Gina Lincoln from Mosaic Environmental Consultancy, recently gave an overview of the main process product being developed – ‘Collaborative Science on Kimberley Saltwater Country – A Guide for Researchers’, to a diverse group of managers, scientists and consultants at the Indian Ocean Marine Research Centre in Perth.

Mrs Lincoln explained that the guide is being created to address shortfalls in the existing process and to provide some consistency to researchers embarking on Kimberley coastal and marine research projects.

“The draft Guide walks land and sea researchers through the process of undertaking research projects on country with Indigenous Kimberley saltwater people,” Mrs Lincoln said. “It explains the requirements of identifying the appropriate native title holders, engaging Traditional Owners and planning respectful research around natural & cultural resource management. The Guide is also a database of information, helping researchers learn about the people and Country and resources that may be available to support them as they plan for remote research.”


Proposed Kimberley Collaborative Research Cycle 17.02


The KISSP group described feedback from attendees at the presentation as positive, with useful insights being collected from a range of stakeholders.

“It was a clear and helpful presentation – and I like the draft document a lot, because of the combination of well-structured common sense for working with Aboriginal land managers and practical information about specific organisations,” one reviewer said.

The process presented within the Guide is open for review by science stakeholders until May 9th. The final draft will be considered for endorsement by the Indigenous governance body in each of the seven participating Kimberley saltwater communities over the following few months.

The guide for researchers is one of several KISSP products in development that will be made available to the science community before the end of the year.



Click here to download a pdf of the presentation slides.

WAMSI KMRP Kimberley Saltwater project page: www.wamsi.org.au/indigenous-knowledge


The $30 million Kimberley Marine Research Program is funded through major investment supported by $12 million from the Western Australian government’s Kimberley Science and Conservation Strategy co-invested by the WAMSI partners and supported by the Traditional Owners of the Kimberley.


Kimberley Marine Research Program

Modelling a picture of the future Kimberley marine environment

Scientists are working on the final stage of developing models that could estimate the likely effect of changes in population, tourism and climate in the Kimberley to better predict what the future may look like.

By the end of the Western Australian Marine Science Institution’s Kimberley Marine Research Program (KMRP), a staggering 25 research projects will have generated new information about the bio-physical, ecological and social processes affecting the Kimberley marine environment and the main causes of change.

Condensing all this information into a unified picture to better understand the complex interactions to guide conservation decisions is an international team of researchers from CSIRO and ALCES (based in Canada).

Led by CSIRO’s Dr Fabio Boschetti, the team has been building a modelling tool which uses the best available information on the likely future of the region.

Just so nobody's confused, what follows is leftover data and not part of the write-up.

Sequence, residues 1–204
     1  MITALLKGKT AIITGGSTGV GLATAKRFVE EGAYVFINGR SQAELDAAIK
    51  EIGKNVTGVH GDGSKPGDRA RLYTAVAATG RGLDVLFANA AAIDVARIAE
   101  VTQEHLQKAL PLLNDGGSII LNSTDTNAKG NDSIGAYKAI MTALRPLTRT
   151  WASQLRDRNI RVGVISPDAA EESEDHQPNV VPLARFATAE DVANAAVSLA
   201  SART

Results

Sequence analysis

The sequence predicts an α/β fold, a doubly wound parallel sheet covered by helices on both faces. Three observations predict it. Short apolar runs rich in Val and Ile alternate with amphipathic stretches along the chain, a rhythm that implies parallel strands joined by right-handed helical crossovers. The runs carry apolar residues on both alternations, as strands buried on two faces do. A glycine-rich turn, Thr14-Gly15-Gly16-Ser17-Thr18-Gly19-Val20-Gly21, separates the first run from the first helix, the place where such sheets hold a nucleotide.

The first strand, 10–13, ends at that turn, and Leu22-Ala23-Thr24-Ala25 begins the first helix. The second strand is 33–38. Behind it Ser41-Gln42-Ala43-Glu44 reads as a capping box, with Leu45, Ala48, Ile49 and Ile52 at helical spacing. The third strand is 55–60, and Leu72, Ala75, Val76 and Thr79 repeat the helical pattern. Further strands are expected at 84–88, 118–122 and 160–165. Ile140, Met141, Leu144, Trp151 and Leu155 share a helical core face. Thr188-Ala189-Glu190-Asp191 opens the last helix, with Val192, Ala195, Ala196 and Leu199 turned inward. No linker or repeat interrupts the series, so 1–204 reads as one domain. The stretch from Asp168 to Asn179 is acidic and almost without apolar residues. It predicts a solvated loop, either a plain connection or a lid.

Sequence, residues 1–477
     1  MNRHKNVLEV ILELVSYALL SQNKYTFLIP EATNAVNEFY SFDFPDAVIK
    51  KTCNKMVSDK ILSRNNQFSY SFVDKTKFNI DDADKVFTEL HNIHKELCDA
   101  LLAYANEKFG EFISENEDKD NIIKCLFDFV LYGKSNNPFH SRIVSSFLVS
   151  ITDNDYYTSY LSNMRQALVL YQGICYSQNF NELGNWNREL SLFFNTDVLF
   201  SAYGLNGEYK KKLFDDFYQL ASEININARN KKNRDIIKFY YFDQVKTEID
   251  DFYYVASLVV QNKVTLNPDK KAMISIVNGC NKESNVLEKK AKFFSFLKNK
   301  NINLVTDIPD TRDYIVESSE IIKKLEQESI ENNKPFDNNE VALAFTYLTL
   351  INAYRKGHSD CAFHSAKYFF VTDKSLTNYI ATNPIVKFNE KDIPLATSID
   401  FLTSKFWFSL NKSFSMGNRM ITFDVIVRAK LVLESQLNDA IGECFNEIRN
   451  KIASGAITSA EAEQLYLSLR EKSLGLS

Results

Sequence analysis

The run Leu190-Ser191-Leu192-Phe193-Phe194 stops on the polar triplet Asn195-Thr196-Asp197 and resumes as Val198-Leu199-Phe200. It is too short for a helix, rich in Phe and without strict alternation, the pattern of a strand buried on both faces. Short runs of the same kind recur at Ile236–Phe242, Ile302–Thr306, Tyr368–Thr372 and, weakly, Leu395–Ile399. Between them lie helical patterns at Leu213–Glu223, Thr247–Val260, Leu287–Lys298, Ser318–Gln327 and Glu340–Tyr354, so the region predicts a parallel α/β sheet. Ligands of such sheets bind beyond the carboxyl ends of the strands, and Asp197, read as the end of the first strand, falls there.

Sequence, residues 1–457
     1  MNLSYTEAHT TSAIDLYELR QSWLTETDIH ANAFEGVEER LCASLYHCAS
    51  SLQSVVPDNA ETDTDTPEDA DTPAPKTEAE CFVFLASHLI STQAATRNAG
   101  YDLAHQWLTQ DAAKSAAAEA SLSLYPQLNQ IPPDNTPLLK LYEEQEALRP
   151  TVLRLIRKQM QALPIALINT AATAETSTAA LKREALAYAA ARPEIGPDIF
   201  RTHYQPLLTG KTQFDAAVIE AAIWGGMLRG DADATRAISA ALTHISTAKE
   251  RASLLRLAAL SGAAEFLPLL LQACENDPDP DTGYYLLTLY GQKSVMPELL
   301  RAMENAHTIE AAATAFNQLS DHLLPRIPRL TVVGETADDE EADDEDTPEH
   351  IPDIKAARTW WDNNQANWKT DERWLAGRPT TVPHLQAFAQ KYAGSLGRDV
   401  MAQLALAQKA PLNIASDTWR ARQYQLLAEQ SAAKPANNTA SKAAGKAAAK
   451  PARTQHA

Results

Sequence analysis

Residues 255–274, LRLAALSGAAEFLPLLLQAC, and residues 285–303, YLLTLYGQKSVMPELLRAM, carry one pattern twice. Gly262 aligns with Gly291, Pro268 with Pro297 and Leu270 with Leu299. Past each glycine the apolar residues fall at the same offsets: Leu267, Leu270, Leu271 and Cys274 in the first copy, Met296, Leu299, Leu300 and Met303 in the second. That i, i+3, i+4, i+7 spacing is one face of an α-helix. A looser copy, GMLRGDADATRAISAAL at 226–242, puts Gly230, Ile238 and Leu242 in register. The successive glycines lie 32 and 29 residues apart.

Simplified, spatially explicit, conceptual model of the working of the Kimberley system, including land, coastal and marine processes

“In general, model predictions are more reliable than the ones we (experts included) may produce without models,” Dr Boschetti said. “Of course, models will not accurately predict what will happen to the system. Rather, they are designed to say something physically and ecologically meaningful about what may happen to the system, should it undergo specific pressures.”

“They are tools which allow us to integrate the available knowledge, include the state-of-the-art understanding of social, economic and ecological processes and account for uncertainty and missing information. We can use them to explore what may happen to the Kimberley region to the year 2050 depending on how the Kimberley system works, what events may occur, and what we do and how we react to these events. Hypothetical or conditional questions, like “if this event occurs, then what may the future look like?’ can be asked. This forces us to focus on the events and conditions which may affect it,” Dr Boschetti said.

Modelling approach based on asking what may happen to the Kimberley region if specific events (scenarios) occur and specific initiatives (management strategies) are adopted

The two computer models are being used in this project to integrate existing knowledge about the Kimberley system to provide an estimation of the likely impacts of different stressors on the land (ALCES) and marine (Ecopath with Ecosim – EwE) environments.

The EwE model is being used to characterise the impact of fishing, tourism, other human uses and climate change on the Kimberley marine ecosystem as well as how different management options, such as controls on fishing effort and spatial closures, can affect the overall impact.

Based on available information on likely future land use in the Kimberley (e.g. mining, energy, aquaculture, crops, livestock, settlements, tourism, transportation) ALCES can simulate how land based processes affect the marine environment via sediment and pollution flows, infrastructure and localised human pressure.

“We do not know precisely how the Kimberley system works, but we have a few working hypothesis that represent a snapshot of how we believe the system is and works now,” Dr Boschetti explained.